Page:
Atlantic Calling Arrives in Barbados
Atlantic Calling Arrives in Barbados
/ Categories: Ocean Health, All

Atlantic Calling Arrives in Barbados

Today at approximately 8 p.m. EST, Earthwatch staff member Lloyd Figgins and his rowing partner David Whiddon became the first pair of modern-day independent rowers to row nonstop across the Atlantic Ocean from Agadir, Morocco, to Port St. Charles, Barbados.

In their boat, Atlantic Calling, they are also now the 20th pair to have rowed across the Atlantic from east to west as part of an independent challenge.

Watch an interview with Lloyd Figgins on BBC News.

The intrepid duo completed the crossing in 60 days and 17 hours, conquering what has been billed as one of the most grueling endurance challenges on the planet. As well as raising funds for the Royal National Lifeboat Institution (RNLI), along the way they collected data for Earthwatch about the marine wildlife that they encountered. They were rewarded with some awe-inspiring moments: a sighting of 10 rare pygmy killer whales, being surrounded by a pod of up to 150 dolphins for several hours, and being trailed by a three-meter thresher shark!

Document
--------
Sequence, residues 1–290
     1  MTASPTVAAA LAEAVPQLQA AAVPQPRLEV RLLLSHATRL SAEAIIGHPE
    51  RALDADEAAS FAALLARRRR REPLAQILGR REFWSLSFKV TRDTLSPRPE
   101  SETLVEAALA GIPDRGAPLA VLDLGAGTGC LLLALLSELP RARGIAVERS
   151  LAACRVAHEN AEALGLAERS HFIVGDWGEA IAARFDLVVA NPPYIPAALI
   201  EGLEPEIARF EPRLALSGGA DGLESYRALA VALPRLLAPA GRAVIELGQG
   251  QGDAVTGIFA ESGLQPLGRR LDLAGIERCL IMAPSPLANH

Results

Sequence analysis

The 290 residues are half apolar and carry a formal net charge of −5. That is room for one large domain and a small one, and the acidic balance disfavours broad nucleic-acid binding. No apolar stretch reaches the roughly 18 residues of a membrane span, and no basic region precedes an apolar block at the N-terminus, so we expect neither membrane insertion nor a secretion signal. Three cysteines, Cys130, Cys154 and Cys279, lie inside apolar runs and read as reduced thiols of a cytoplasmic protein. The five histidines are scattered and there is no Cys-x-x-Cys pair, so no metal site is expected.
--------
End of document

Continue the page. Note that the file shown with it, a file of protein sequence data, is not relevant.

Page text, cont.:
Their 3,300-nautical-mile journey wasn’t all plain rowing. The rowers had to contend with treacherous storms, seven-meter waves, a crack in the boat’s hull, three near-collisions with tankers, and visits from curious sharks. In addition, hallucinations and sleep deprivation were a recurrent challenge throughout their journey as the rowers worked on a two hour on/two hour off rowing shift pattern. Neither of the rowers slept for more than an hour and a half at a time for the duration of the challenge.

Lloyd, who is global head of field safety at Earthwatch, said, “It has been a remarkable, once in a lifetime experience. The challenge has been incredibly tough at times but thoroughly rewarding. We were pleased to contribute to scientific knowledge by collecting data for Earthwatch on the way, and we have dedicated this row to all the RNLI’s lifeboat volunteers and crew past and present.”

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